Food movement sparked by professor

By Assistant Campus Editor

Jeff Spitz, assistant professor in the Cinema Art + Science Department, co-produced the documentary “Food Patriots” about the importance of growing and eating local, organic food.

What started as an illegal but harmless chicken farm in a Columbia professor’s backyard is now a Chipotle-sponsored documentary about where food comes from.

“Food Patriots,” produced by Groundswell Educational Films—a nonprofit production company co-founded by Jeff Spitz, associate professor in the Cinema Art + Science Department, and his wife, Jennifer Amdur Spitz—is now being screened across the country after its Feb. 19, 2014 premiere.

“Food Patriots” will be screened at more than 40 schools and community centers around the country, with Chipotle handing out free burritos at each showing.

The three-year project started when Jennifer Amdur Spitz decided to teach her children to garden, she said.

“I tried to get my kids interested in growing food at home, but that didn’t work,” she said. “I suggested we should get chickens, and my youngest son loved the idea so we got the chickens and that was the start of the conversation of ‘Where does your food come from?’”

When Jeff Spitz began filming, he said he lacked a concept, simply calling the film an urban agriculture project. But raising chickens helped him find his niche, he said.

“I was interested in doing research to try to figure out how many people are interested in growing food and learning where their food comes from,” Jeff Spitz said. “I was really curious about why so many people are taking the time to get in the dirt, planting seeds, pulling weeds and standing in the hot sun.”

The film also details how the Spitz’s son fell ill in 2006 from antibiotic-resistant superbug Campylobacter, a type of bacteria found in contaminated meat products that can cause bloody diarrhea, stomach cramps and pain.

“We were very scared when this happened that he had eaten a contaminated chicken, and if you’re not careful, more problems could happen,” he said. “Jennifer getting chickens was a way to reconnect us with where food comes from and where we can get it from.”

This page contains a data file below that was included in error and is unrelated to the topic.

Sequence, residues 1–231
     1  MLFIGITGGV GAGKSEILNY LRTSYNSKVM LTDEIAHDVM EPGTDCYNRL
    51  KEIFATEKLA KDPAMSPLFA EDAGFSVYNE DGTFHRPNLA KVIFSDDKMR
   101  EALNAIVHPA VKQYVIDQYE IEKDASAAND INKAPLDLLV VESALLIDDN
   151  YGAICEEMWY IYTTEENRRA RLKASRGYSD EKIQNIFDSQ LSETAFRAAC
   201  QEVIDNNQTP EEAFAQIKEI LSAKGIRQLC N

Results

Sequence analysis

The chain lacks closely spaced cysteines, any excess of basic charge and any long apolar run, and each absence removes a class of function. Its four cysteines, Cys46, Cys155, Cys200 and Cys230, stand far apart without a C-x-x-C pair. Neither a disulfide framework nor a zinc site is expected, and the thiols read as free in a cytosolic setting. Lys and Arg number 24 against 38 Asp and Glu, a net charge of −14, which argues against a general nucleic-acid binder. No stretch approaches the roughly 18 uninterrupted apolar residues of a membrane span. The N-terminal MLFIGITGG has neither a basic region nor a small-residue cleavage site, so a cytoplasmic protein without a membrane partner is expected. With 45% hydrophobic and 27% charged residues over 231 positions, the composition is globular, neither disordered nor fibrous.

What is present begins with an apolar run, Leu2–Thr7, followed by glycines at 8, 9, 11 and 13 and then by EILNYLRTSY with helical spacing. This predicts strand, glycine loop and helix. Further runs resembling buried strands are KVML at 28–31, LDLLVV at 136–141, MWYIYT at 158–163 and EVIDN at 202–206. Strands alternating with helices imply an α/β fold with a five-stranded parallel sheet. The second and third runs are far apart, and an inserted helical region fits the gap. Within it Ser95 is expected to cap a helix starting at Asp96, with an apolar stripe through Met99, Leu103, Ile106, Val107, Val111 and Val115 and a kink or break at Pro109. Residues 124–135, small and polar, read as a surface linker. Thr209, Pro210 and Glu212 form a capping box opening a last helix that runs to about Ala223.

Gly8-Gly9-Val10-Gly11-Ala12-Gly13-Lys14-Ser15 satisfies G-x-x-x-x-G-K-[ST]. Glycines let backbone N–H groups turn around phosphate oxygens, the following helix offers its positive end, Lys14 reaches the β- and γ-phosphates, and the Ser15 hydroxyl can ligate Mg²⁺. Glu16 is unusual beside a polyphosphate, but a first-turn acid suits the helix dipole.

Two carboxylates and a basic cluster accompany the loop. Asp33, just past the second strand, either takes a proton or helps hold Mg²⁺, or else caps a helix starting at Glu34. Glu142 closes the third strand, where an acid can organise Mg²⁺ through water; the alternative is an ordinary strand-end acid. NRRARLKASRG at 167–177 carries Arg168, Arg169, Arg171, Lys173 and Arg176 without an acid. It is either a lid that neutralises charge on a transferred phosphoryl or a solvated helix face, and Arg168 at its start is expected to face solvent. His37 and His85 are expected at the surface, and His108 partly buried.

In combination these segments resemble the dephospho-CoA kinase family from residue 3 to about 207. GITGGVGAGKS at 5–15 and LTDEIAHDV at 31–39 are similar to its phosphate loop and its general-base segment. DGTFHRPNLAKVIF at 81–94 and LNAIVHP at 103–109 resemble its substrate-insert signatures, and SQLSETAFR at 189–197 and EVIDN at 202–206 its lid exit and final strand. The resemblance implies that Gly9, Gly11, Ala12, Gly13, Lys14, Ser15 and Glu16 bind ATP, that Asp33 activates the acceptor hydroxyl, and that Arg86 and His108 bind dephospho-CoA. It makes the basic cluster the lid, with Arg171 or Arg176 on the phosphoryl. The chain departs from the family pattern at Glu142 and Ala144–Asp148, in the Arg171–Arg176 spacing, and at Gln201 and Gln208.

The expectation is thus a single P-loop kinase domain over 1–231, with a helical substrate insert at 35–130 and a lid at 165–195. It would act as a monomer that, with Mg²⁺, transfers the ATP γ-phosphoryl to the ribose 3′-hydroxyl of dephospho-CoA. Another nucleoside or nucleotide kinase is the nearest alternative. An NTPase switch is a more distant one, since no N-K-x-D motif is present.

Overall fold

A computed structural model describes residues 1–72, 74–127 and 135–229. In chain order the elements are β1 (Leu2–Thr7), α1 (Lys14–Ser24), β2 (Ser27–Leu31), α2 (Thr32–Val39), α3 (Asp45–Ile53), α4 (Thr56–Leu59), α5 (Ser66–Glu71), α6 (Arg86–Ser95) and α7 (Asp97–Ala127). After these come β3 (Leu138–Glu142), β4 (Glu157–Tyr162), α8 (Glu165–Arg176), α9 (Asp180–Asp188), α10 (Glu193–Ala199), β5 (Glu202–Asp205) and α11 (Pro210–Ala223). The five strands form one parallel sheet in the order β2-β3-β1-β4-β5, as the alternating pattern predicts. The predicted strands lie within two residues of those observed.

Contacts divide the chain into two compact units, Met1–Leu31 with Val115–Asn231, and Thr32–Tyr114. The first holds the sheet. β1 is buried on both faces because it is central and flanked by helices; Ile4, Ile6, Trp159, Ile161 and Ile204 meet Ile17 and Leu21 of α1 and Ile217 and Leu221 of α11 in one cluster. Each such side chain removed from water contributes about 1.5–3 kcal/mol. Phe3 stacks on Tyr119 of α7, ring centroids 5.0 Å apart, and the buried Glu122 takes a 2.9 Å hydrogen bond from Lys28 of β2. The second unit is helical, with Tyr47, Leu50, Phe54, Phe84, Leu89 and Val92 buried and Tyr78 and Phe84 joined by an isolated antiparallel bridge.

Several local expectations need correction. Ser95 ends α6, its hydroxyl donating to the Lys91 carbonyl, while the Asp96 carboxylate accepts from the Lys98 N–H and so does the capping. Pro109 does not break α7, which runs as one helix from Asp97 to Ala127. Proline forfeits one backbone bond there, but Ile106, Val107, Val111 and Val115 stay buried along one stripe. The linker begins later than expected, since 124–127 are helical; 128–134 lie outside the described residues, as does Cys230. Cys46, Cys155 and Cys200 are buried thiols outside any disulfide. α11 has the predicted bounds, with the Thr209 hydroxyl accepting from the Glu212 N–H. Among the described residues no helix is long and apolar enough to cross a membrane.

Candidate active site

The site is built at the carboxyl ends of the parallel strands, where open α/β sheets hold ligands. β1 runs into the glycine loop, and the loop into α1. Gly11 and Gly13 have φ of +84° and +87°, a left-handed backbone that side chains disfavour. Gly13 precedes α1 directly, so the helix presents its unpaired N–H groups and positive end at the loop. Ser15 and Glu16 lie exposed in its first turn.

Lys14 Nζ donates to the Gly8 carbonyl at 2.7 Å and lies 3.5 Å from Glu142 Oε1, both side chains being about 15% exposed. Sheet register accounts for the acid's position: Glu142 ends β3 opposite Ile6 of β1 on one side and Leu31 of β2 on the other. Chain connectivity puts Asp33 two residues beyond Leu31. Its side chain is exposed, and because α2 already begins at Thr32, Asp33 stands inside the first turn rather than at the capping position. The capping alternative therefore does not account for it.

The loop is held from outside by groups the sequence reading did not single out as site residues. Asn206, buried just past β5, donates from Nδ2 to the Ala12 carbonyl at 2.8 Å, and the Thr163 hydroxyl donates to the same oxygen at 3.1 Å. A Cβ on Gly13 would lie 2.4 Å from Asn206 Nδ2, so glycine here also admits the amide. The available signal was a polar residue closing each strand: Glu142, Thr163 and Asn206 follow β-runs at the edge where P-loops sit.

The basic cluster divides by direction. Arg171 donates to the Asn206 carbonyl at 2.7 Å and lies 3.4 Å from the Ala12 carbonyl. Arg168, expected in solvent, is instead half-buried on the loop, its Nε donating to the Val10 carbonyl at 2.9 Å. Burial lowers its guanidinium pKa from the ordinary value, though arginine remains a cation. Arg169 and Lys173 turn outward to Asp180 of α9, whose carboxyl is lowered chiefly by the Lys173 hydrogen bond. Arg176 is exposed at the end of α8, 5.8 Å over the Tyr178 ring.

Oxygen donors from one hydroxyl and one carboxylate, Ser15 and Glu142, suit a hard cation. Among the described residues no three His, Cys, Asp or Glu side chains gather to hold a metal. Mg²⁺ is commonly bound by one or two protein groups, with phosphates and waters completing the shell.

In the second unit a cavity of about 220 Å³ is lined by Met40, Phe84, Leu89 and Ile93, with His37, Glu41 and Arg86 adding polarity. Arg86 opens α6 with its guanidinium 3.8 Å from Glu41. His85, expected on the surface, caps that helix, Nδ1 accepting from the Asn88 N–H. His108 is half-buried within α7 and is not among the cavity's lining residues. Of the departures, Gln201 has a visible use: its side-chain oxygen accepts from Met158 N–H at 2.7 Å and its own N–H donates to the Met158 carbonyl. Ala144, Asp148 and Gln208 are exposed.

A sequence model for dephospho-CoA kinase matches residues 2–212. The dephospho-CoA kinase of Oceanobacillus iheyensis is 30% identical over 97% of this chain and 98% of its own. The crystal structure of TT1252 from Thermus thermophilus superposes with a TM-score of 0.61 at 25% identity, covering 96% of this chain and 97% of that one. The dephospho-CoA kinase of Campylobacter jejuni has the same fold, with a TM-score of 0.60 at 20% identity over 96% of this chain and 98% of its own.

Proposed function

Spitz and his family live in Northbrook, Ill., where it is illegal to raise chickens on less than two acres of land, he said. The ordinance is complaint-based, so the family can keep the chickens as long as the neighbors do not mind, he said.

While the documentary explains the administrative review process the family had to undergo after a dog bit one of the illegal chickens, Jeff Spitz said the film still tells an uplifting story.

“People are really laughing at my attempt to raise chickens,” he said. “People realize it’s very humbling. We were outlaw chicken keepers and that made the film even more interesting.”

The family still owns two chickens and Jeff Spitz said because they share eggs with their neighbors, no one complains.

“We have two chickens and they’re great,” he said. “The seventh grader next door watches them when we go on vacation.”

The documentary also features Ken Dunn, founder of Resource Center, a nonprofit environmental organization that helps institutions compost food. Dunn makes an appearance in the film collecting food waste and said he also collects Columbia’s compost and reuses it as soil for local city gardens.

“I hope [audiences] get out of it an inspiration to question the food before they put it in their body, to read the ingredients, talk to their friends and encourage each other to eat better together,” Jennifer Amdur Spitz said.

The next screening is scheduled for March 15 at Chicago’s Good Food Festival. It will also be the opening film on Earth Day at The University of Chicago on April 22.

Update 3/10/2014 Correction: “Film Patriots” was incorrectly identified as premiering Sept. 30, 2012 . The correct date is Feb. 19, 2014.